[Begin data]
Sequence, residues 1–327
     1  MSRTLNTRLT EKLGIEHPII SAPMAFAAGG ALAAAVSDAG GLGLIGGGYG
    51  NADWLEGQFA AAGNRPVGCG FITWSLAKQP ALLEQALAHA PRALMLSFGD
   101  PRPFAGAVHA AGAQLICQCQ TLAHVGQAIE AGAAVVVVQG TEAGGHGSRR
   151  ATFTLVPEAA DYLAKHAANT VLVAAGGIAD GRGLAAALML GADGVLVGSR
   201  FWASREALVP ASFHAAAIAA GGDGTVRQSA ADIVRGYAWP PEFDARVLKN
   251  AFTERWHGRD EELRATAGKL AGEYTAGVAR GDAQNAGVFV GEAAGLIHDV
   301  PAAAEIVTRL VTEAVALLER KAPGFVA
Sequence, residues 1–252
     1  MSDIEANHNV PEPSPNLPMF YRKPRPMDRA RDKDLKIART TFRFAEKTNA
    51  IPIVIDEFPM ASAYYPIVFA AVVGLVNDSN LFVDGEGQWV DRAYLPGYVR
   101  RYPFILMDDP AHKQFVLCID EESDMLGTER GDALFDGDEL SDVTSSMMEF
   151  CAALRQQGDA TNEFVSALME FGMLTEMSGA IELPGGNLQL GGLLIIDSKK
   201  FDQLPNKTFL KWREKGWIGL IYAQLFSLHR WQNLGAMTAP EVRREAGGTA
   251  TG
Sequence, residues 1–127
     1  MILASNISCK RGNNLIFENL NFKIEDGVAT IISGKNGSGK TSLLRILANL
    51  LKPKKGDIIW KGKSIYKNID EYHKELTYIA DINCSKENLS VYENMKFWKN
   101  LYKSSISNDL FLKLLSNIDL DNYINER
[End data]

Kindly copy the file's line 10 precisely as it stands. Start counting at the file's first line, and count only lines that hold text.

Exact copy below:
     1  MSDIEANHNV PEPSPNLPMF YRKPRPMDRA RDKDLKIART TFRFAEKTNA